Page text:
Politics is, at root, governed by a simple proposition: You can’t beat something with nothing.
In short: No matter how bad a candidate is, you have a 0% chance of winning if you don’t run against him or her. You miss all the shots you don’t take. You can’t win if you don’t play.
All of those cliches tell us something very important about the midterm election in 12 days – and why, despite all of the talk that the Democratic wave is receding, there’s a not-unreasonable case to be made that the minority party could rack up even larger seat gains than currently being estimated.
This chart – from a terrific Brookings study on the 2018 election – tells the story:
Republicans currently hold 235 House seats. There are 36 GOP members either retiring or running for some other office in 2018. That leaves 199 GOP incumbents seeking re-election – all but 10 of whom have drawn Democratic challengers. That’s remarkable, as Brookings’ Michael Malbin notes in his piece on the data – writing: “The average number of uncontested seats in one or the other party since 2004 has been 54. The next lowest numbers were more than twice this year’s figure.”
It’s no accident that, as Malbin notes, two of the most recent wave elections had a common denominator: The party that gained a large number of seats fielded challengers almost everywhere. Again, Malbin: “In the Democratic wave election of 2006, Democrats contested all but 22 of the GOP-held House seats. In the Republican wave election of 2010, the GOP contested all but 24 of the Democratic incumbents.”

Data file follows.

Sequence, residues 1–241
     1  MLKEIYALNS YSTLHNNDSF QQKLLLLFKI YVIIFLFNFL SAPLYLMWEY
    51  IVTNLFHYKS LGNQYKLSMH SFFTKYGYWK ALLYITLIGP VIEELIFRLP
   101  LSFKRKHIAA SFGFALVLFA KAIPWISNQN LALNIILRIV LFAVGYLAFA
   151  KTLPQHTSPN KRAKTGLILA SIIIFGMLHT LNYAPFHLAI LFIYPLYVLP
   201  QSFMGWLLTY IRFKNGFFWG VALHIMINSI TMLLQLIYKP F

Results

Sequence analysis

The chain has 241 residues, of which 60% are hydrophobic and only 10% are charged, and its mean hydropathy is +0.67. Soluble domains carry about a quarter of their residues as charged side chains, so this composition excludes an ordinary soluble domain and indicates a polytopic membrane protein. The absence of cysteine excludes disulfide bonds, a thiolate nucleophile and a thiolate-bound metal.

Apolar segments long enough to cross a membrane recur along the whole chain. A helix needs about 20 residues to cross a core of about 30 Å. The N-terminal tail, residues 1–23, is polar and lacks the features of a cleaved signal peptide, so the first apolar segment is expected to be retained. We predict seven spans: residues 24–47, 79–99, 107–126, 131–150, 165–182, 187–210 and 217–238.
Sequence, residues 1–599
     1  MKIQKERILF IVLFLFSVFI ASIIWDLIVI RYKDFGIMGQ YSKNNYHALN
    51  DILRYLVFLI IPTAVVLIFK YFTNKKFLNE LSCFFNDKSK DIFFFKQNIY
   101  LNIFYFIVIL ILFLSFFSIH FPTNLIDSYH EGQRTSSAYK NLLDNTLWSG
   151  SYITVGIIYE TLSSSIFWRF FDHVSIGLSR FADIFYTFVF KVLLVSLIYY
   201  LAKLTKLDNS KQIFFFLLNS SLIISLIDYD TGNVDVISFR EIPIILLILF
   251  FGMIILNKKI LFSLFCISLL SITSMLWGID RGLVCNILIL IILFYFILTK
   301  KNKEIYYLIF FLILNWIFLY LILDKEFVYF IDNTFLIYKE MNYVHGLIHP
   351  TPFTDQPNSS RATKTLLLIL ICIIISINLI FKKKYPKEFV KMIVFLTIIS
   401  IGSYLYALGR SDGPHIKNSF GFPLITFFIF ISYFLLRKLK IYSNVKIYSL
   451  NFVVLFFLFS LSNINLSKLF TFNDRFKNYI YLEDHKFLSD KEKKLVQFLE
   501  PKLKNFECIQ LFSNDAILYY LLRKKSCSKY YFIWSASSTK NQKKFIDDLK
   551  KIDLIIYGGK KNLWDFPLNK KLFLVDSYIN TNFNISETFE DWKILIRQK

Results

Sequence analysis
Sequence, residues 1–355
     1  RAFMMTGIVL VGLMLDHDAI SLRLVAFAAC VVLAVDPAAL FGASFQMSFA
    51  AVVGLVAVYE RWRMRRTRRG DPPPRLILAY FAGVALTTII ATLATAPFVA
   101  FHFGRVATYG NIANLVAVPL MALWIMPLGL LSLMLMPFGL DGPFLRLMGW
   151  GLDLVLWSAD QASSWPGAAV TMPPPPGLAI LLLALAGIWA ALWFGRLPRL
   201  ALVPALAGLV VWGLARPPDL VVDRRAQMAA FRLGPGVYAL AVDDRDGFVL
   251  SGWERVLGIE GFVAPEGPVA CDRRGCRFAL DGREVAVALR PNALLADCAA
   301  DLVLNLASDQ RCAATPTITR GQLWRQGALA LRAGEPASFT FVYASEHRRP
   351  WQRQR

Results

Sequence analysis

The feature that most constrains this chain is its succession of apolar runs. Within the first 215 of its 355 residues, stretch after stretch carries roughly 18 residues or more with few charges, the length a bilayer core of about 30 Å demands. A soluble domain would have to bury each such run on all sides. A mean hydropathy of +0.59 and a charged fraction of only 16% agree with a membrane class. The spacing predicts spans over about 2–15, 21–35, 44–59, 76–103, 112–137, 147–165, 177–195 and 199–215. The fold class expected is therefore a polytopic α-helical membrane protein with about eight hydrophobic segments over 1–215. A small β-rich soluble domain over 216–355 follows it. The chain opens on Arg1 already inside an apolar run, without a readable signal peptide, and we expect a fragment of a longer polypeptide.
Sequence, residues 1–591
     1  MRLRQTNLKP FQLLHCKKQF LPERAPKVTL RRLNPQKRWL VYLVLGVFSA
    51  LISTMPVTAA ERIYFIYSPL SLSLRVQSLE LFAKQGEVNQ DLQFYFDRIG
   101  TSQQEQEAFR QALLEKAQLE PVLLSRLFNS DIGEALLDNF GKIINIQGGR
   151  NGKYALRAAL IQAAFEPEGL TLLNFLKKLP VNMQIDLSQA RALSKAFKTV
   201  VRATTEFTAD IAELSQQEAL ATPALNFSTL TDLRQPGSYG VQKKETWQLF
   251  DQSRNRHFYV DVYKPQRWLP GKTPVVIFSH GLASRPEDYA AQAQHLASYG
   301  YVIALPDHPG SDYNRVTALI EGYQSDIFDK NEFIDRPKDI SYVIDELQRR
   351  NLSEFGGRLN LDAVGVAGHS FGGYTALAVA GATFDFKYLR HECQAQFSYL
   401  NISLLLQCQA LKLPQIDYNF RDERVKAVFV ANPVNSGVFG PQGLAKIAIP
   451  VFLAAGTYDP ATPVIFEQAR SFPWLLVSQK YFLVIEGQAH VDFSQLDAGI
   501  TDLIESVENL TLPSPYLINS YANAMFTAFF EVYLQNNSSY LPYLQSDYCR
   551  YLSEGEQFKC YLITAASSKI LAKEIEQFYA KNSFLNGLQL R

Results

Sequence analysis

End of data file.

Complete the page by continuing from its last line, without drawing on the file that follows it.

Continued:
This is no coincidence. Think of wave elections like, well, being at the beach when the tide is coming in. Those spartan few people who set their chairs up right at the water’s edge for some unknown reason are the ones who are going to get their stuff sitting on the sand soaked by virtually any wave at all. A medium-sized wave gets further up the beach and soaks a lot more people who thought they had parked themselves far enough from the water to be safe. A huge wave soaks people who don’t even like the water and purposely tried to stay as far away from it as possible.
In political terms, this means that Republicans representing districts that Hillary Clinton carried easily in 2016 are likely to be washed away almost no matter what. How many more lose depends on the relative size of the wave.
But unlike sitting at the beach and getting soaked, figuring out political waves – and their impact – is also about how many candidates are in place to take advantage of a national environment tilted heavily toward one side. A wave could be ready to wash out a Republican incumbent, but if there’s no Democrat to fill the void, it doesn’t matter.
That’s why Democrats recruiting candidates to run in virtually every GOP district this cycle matters so much. If there is a huge Democratic wave that hits on November 6 – and, yes, of course, that is very much an “if” – the party has candidates all over the country positioned to capitalize.
Which means that if the national environment moves even more strongly toward Democrats in the final weeks of the midterm campaign, the party has the potential to make gains well in excess of the best-guess estimates by independent political handicappers.